Late Nights & Early Mornings

Marsha AmbrosiusMarch 1, 2011
Neo-Soul℗ 2011 J Records, a unit of Sony Music Entertainment
448
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Late Nights & Early Mornings is the debut studio album by English recording artist and former Floetry member Marsha Ambrosius. It was released by J Records on 1 March 2011. This was Ambrosius' only album for J Records before the label's dissolution seven months later. The album debuted at number two on the US Billboard 200 with 96,400 copies sold in the first week.

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Songs
Popularity
1
Anticipation (Intro)1:28
2
With You5:09
3
Late Nights & Early Mornings3:27
4
Hope She Cheats On You (With A Basketball Player)4:03
5
Far Away7:16
6
Lose Myself5:03
7
Your Hands3:29
8
I Want You To Stay3:49
9
Sour Times3:20
10
Tears2:57
11
Chasing Clouds3:45
12
The Break Up Song3:24
13
Butterflies (Remix)4:11
4.8
448 total
5
4
3
2
1
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Additional Information

Total length
51:32
Tracks
13
Released
March 1, 2011
Label
℗ 2011 J Records, a unit of Sony Music Entertainment
File type
MP3
Access type
Streaming and by permanent download to your computer and/or device
Internet connection
Required for streaming and downloading
Playback information
Via Google Play Music app on Android v4+, iOS v7+, or by exporting MP3 files to your computer and playing on any MP3 compatible music player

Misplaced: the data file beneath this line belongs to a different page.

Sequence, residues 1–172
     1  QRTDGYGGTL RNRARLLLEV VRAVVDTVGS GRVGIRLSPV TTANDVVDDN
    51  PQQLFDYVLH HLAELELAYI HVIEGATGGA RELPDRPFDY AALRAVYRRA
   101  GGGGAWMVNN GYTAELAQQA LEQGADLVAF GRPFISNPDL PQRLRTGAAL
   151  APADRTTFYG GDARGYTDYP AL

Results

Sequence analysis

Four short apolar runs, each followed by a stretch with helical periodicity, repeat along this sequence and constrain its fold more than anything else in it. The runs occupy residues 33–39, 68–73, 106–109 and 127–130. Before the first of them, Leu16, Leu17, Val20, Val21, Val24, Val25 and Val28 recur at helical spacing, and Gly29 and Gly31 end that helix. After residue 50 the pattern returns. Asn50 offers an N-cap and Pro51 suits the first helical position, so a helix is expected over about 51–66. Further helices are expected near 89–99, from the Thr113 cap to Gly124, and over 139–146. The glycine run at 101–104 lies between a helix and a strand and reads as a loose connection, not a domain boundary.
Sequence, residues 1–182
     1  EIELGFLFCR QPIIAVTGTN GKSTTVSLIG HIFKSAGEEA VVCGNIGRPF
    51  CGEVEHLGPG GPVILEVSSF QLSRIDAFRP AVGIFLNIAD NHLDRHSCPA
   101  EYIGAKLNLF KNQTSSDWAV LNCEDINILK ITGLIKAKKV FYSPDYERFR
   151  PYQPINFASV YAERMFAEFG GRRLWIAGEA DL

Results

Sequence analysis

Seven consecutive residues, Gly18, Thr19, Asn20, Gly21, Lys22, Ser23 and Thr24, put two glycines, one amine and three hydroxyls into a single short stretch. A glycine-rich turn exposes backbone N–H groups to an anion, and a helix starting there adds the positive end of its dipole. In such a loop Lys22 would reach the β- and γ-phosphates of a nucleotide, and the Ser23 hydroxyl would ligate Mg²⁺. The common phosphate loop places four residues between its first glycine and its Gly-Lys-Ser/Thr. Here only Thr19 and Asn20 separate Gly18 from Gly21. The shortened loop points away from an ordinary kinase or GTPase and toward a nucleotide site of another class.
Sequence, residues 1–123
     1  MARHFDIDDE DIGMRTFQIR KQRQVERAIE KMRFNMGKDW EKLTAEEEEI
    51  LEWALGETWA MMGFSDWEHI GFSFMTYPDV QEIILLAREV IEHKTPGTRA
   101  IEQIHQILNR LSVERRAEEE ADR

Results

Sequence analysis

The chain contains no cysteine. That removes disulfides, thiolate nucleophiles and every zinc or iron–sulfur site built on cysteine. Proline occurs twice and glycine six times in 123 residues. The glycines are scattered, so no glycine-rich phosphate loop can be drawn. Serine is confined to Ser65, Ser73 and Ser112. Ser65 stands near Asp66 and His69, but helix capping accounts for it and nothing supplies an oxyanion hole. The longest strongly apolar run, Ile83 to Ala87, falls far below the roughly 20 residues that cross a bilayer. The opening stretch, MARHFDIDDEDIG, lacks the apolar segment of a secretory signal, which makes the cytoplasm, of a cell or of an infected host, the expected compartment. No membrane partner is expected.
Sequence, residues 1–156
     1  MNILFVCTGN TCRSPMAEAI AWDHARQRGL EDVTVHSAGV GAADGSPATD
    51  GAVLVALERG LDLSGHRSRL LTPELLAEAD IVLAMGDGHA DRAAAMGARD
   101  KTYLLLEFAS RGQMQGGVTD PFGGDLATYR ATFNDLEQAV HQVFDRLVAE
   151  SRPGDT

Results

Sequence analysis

"The R&B Hippie Neo-Soul Rock Star" -- wait, isn't that Cody ChesnuTT? Or is that Van Hunt? Erykah Badu? Regardless, that's what Raheem DeVaughn is calling himself, and it's likely a catch phrase intended to gain some more of the attention the singer deserves. Despite reaching the Top Ten of the R&B/Hip-Hop Albums chart, 2005's The Love Experience didn't crack the Top 40 of the Billboard 200, and none of its excellent singles (including "Guess Who Loves You More" and "You") came near the Top 30 of any chart. By word of mouth and persistent rotation on "grown folks"-type R&B video programs, DeVaughn gradually developed enough of a following -- including vocal admirer Alicia Keys -- to make his follow-up a rather anticipated release. DeVaughn's new nickname is just one part of a subtly aggressive attempt at attaining further commercial appeal: Scott Storch, Chucky Thompson, Orthodox & Ransum, Kwamé, and Bryan-Michael Cox are all brought on board to give Love Behind the Melody more of a mainstream R&B radio sound without making it seem like a blind stab at sales. Even "Customer," with its gently twisting, lullaby-like resemblance to J. Holiday's "Bed," and the anthemic "Woman" (an extension of "You"'s proud pro-woman theme, nominated for a Grammy prior to the album's release) are not likely to dismay those who are opposed to modern pop/R&B. What's more, both songs are convincingly "honor and do for you" in a selfless way, a major aspect that separates DeVaughn from nearly all of his contemporaries on the radio. In fact, as a whole, the album is much more "You're great" than "I'm great." Even the tracks that act more as mood pieces, such as "Desire" ("It feels so damn good to be used") and "Marathon" ("You make all my daydreams come true"), are full of gratitude, and they are destined to be slotted into many modern quiet storm playlists, leaving immediate and lasting impressions. This is a significant improvement over The Love Experience in every respect -- somehow displaying an increase in both modesty and ambition, as well as offering a more refined yet bolder set of material. Whether or not DeVaughn goes gold, you can bank on at least a couple major R&B artists going into the studio throughout the remainder of 2008 wanting to come out with something as hot and imaginative as this. [This album was also released with the bonus track "Text Messages" and a remix of "Customer."]
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